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Economic growth fastest since 2010
Chancellor George Osborne was given a boost when official figures showed the UK economy grew at its fastest pace for three years in the third quarter of the year as gross domestic product (GDP) increased by 0.8%
The UK economy grew at its fastest pace for three years in the third quarter of the year as gross domestic product (GDP) increased by 0.8%, official figures showed today.
It was the third successive period of improving output and the best performance since the second quarter of 2010, the Office for National Statistics said.
The figures, which were in line with expectations, saw all sectors of the economy grow, including a 2.5% surge in construction - a sector bolstered by Government initiatives such as Help to Buy.
Chancellor George Osborne said on Twitter: "This shows that Britain's hard work is paying off & the country is on the path to prosperity."
Overall GDP was 1.5% ahead of the same period last year - a strong comparison with a time when the economy was boosted by the Olympics and Paralympics.
The year-to-year rise is higher than the 1.3% improvement at the end of this year's second quarter.
But the economy remains 2.5% off its pre-recession peak at the start of 2008.
During the third quarter, construction was boosted by new work on private housing and private commercial building as well as domestic home repair and maintenance.
Housebuilders have been buoyed by the Government's Help to Buy scheme, which recently launched a new phase offering mortgage guarantees.
However, construction remains 12.5% off its pre-crisis peak.
Production grew by 0.5%, though this remains 12.8% off its 2008 level, while within this manufacturing improved 0.9% in the third quarter. It is 8.9% off the level five years ago.
Meanwhile, the powerhouse services sector, which represents three-quarters of economic output, grew by 0.7% and is now 0.6% above its pre-crisis peak.
The largest contributions here came from business services and finance, followed by distribution, hotels and restaurants.
Prime Minister David Cameron tweeted: "Today's encouraging #GDP growth figures are another sign we are turning a corner."
But Shadow Chancellor Ed Balls said: "After three damaging years of flatlining, it's both welcome and long overdue that our economy is growing again.
"But for millions of people across the country still seeing prices rising faster than their wages this is no recovery at all."
The 0.8% growth figure builds on an improvement of 0.7% in the second quarter and 0.4% in the first quarter.
Samuel Tombs of Capital Economics said the figures confirmed the UK was enjoying "a period of healthy and well-balanced growth".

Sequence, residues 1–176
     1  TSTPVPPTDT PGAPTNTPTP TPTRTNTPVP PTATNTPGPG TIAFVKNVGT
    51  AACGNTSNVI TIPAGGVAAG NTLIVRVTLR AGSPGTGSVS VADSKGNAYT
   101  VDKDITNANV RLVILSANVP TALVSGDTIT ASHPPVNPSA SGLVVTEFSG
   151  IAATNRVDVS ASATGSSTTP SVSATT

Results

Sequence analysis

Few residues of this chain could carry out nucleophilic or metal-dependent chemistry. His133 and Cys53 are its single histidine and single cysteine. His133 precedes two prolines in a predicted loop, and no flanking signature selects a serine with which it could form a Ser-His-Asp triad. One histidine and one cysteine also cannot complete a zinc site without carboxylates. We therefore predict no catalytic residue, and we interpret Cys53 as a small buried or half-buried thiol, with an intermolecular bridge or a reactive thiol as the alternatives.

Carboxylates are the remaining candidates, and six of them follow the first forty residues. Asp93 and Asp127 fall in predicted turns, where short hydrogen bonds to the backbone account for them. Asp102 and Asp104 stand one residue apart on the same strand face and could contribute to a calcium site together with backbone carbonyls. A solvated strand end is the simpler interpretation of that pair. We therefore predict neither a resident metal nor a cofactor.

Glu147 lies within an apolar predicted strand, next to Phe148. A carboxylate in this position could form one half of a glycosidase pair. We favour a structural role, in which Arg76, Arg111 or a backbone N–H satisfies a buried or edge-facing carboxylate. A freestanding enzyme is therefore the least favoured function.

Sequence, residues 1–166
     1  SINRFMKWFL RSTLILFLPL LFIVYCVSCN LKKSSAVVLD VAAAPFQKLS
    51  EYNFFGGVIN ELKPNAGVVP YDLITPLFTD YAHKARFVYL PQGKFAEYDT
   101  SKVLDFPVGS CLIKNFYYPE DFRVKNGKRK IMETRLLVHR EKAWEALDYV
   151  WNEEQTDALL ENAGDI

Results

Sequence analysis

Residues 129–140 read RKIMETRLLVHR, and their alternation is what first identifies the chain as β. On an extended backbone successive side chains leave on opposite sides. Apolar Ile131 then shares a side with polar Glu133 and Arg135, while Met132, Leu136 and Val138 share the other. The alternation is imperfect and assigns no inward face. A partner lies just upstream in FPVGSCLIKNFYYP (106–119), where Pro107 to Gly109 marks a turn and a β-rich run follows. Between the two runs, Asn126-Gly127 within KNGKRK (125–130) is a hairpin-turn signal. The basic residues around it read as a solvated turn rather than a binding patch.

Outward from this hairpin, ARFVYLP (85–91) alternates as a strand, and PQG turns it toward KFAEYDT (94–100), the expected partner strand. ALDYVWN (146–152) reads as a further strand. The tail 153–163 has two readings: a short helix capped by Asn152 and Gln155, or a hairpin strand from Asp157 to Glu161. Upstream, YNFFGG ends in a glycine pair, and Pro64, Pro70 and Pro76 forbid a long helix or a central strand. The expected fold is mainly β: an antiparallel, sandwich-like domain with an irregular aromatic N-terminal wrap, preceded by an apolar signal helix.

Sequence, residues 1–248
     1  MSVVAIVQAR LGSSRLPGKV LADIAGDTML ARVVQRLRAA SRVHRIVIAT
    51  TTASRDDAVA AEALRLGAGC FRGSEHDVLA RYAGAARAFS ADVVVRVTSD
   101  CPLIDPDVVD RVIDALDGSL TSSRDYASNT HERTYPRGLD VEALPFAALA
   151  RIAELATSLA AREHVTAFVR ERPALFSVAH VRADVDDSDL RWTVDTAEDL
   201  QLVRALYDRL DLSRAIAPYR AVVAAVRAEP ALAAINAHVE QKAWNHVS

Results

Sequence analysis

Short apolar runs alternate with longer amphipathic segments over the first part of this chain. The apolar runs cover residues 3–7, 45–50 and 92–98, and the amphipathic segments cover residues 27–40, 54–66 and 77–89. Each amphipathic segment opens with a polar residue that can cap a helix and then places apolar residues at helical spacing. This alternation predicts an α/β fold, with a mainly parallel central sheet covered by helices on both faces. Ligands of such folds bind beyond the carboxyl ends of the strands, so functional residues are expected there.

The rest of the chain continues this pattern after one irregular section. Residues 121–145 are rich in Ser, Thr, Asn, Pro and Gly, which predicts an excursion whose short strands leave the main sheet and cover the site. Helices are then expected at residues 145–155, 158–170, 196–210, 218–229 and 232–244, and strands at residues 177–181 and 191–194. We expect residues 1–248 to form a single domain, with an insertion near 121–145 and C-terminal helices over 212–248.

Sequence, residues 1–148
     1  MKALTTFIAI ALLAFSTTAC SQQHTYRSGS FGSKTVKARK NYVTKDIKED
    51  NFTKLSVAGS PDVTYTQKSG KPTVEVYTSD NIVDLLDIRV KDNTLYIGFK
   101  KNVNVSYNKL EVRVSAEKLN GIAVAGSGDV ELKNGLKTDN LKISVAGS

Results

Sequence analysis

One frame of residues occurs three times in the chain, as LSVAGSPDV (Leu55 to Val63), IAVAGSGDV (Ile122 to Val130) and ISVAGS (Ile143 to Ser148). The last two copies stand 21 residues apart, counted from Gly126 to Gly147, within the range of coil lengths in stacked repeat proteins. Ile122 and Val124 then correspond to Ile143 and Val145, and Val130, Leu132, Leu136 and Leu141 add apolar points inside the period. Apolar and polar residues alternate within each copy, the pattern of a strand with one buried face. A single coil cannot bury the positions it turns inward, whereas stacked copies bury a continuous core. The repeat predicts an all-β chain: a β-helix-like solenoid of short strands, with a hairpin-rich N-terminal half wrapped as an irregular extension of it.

He said it was likely that the UK recorded the fastest quarterly growth rate within the G7 countries in the third quarter.
But he added that a squeeze on real incomes as wage growth lagged behind inflation, together with the fiscal squeeze and a stagnant eurozone were likely to prevent recovery gathering much more pace.
It echoed remarks by Bank of England governor Mark Carney last night, when he said the rate of growth was "towards the top end of the advanced economies" but "coming from a very very low base".
Chris Williamson, chief economist at Markit, said: "Britain is booming again with the economy showing the most sustainable and robust-looking upturn since the financial crisis."
But Alan Clarke of Scotiabank said the figure was a "tad disappointing" - given survey data indicating growth nearer 1% - and "wasn't a home run".
Jeremy Cook, chief economist at foreign exchange company World First, warned that the squeeze on real incomes meant growth continuing at such a pace would be unsustainable, predicting that today's figure would be the "high-water mark" for now.
Howard Archer of IHS Global Insight predicted that growth would slip back to 0.6% for the fourth quarter amid the squeeze on purchasing power.
John Allan, national chairman of the Federation of Small Businesses, said confidence was rising across UK regions but warned that the wage squeeze coupled with energy price rises would mean households having less to spend.
He urged more help from the Chancellor to help firms invest and grow.
A Treasury spokesman said: "All parts of the economy are growing, the deficit is falling and jobs are being created - and that's the only sustainable way to raise living standards for hardworking families."
But Dave Prentis, general secretary of the Unison union, said: "The fact that the GDP has grown by 0.8% between July and September will mean nothing to the vast majority of people in this country faced with mounting household bills and stagnant wages."